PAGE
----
ST. PAUL, MN—Analyses prepared by Minnesota Management and Budget (MMB) — one of Governor Walz's state agencies — show that an extension of the state's reinsurance program "is expected to reduce premiums in the individual market in plan years 2020-2022" and premiums "could be as much as 20 percent lower due to the reinsurance program."
The statements are contained in the 2/28 and 3/5 MMB fiscal notes on page 10. Both fiscal notes include the statement that the reinsurance program is "expected to reduce premiums," and the updated fiscal note released on 3/5 adds on Page 10, "[t]he Department has recently learned that individual market premiums could be as much as 20 percent lower due to the reinsurance program." A 20 percent reduction would bring down premiums for all Minnesotans on the individual market, compared to Governor Walz's proposal which would cost significantly more state money and only help those who do not qualify for premium tax credits. Rep. Greg Davids, R-Preston, who chief authored the reinsurance bill in 2017, urged Governor Walz to reconsider his support for reinsurance as part of his supplemental budget proposal.
"Minnesotans are still struggling with premiums that are too expensive, and we know this is a tool that will lower health care costs and bring more health plan options into the market," Rep. Davids said. "Governor Walz's own agencies confirm that this will work, it will be cheaper than what he is proposing, and will help more people. I am begging the governor to reconsider his stance on reinsurance, and do right by Minnesotans—failure to extend this program would result in higher premiums and throw our individual market back into chaos."
The fiscal note analyses were prepared for SF761, which is expected to be passed out of the Senate Finance Committee Wednesday morning, would extend reinsurance for three more years. Republicans approved a reinsurance program in 2017 that has earned national recognition and has successfully held premiums steady or reduced premiums for Minnesotans two years in a row. While the bill is currently moving through the Senate, the Democrat-controlled House has given the bill just one hearing, and Governor Walz did not include reinsurance funding in his recently-released budget proposal. The House DFL held a hearing last month, but the bill has since stalled and not advanced since being referred to the House Health and Human Services Finance Division.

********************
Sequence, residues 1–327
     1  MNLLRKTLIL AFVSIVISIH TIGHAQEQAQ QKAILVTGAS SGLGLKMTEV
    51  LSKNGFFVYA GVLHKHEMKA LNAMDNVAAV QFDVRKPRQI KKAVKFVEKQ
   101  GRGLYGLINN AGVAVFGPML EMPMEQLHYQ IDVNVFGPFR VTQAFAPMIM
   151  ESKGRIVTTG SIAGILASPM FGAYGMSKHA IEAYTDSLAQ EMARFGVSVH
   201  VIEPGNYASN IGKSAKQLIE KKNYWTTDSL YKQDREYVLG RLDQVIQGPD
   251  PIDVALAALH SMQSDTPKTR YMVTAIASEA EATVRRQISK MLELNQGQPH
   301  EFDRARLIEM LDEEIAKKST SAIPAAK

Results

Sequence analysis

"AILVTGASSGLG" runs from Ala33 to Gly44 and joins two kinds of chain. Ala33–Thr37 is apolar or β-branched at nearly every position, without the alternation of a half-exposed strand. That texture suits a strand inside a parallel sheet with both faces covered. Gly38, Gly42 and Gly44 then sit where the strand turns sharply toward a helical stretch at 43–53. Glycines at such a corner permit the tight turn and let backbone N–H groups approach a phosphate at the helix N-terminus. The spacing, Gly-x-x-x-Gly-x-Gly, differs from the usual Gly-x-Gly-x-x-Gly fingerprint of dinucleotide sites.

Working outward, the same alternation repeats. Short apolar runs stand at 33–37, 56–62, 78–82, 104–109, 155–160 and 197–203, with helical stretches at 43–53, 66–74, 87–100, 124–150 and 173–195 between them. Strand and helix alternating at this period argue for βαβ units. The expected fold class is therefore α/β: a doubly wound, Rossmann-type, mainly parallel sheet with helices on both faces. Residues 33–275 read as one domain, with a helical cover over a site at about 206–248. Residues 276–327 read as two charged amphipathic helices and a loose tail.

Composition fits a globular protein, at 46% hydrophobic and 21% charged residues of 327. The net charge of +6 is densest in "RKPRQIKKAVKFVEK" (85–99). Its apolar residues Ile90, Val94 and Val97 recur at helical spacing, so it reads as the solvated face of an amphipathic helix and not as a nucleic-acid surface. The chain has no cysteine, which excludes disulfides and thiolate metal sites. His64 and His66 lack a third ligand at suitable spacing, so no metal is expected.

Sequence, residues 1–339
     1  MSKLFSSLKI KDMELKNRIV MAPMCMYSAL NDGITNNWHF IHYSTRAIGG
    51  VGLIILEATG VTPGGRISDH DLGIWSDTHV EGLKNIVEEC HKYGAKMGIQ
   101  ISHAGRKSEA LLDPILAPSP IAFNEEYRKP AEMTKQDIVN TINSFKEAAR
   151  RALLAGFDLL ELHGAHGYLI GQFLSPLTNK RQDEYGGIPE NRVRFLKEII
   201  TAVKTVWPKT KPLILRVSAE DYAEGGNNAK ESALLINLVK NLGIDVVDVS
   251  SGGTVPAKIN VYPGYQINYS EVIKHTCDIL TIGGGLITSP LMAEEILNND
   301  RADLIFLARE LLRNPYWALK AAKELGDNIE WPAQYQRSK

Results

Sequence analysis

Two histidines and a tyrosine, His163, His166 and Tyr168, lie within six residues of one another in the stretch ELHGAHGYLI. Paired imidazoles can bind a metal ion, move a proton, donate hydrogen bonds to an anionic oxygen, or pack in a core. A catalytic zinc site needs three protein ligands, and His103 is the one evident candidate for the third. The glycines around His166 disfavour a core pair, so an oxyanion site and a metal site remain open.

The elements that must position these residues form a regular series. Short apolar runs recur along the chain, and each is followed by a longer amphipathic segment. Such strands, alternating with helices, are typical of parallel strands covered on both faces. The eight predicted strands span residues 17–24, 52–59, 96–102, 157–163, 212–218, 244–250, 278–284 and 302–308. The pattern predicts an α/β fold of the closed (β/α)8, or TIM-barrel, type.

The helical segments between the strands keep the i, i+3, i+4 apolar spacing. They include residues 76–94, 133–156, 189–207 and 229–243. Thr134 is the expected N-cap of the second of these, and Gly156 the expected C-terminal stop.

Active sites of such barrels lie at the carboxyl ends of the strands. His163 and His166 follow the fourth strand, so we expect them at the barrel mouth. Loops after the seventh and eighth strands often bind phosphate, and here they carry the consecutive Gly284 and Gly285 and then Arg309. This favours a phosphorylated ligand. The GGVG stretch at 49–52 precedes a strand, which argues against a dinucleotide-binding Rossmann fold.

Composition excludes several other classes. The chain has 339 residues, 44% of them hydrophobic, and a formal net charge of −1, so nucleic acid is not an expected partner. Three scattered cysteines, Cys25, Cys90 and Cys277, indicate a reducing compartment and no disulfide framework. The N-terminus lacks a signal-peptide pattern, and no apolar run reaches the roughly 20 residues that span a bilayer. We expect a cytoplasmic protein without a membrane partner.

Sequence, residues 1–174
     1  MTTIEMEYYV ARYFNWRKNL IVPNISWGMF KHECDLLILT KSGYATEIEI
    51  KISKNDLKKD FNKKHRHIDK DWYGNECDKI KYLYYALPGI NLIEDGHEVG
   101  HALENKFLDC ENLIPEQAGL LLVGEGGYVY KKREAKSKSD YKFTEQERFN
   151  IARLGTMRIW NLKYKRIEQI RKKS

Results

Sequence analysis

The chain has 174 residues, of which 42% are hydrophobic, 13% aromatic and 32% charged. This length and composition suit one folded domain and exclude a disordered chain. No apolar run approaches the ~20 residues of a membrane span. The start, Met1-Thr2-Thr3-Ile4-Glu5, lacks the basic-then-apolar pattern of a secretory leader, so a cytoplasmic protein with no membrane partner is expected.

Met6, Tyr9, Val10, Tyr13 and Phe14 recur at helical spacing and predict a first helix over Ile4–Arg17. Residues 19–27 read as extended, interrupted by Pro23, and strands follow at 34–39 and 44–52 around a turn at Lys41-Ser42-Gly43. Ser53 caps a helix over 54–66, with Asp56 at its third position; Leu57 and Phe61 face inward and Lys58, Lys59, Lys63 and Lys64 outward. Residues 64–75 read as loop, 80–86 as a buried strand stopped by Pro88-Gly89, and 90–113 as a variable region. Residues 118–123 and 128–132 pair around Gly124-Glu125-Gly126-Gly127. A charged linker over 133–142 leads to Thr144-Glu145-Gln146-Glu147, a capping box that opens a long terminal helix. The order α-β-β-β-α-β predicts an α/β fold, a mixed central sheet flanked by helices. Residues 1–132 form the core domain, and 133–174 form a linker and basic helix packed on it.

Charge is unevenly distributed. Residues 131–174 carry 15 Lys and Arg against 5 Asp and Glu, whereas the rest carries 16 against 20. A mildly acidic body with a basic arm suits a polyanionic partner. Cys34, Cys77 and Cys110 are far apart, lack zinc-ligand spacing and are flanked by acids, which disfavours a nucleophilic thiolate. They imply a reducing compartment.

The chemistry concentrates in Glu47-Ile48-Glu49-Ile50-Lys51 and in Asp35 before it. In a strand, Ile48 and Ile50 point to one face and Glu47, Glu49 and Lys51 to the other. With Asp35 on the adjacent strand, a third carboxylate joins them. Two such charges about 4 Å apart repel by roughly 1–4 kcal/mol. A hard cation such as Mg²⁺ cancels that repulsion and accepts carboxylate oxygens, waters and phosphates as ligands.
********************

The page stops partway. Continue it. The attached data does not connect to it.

The fiscal note went on to highlight that the reinsurance program may be so successful that it is cutting off operational funding for MNsure, the state's insurance exchange under the Affordable Care Act. The 2/28 fiscal note states "Reductions in premiums as a result of reinsurance would also reduce MNsure’s premium withhold revenue. The premium withhold revenue reductions that would result from this bill put at risk MNsure’s ability to effectively execute essential business, customer service, and outreach functions." The 3/5 fiscal note states "Reductions in premiums as a result of reinsurance also reduce MNsure's premium withhold revenue. MNsure is not able to absorb additional years of reinsurance and the associated reduction in revenue to MNsure if reinsurance is extended. "MNsure is funded primarily through a 3.5% tax on all health plans sold in Minnesota, so a reduction in premiums would lead to reduced tax revenue.
"I hope my friends on the other side of the aisle will recognize that not passing an extension of reinsurance would be devastating. Minnesotans—especially those in Southeast Minnesota—can't afford another round of 40, 50, or 60 percent premium increases. We have to get this done, or Minnesotans will be the ones who pay the price," Rep. Davids concluded.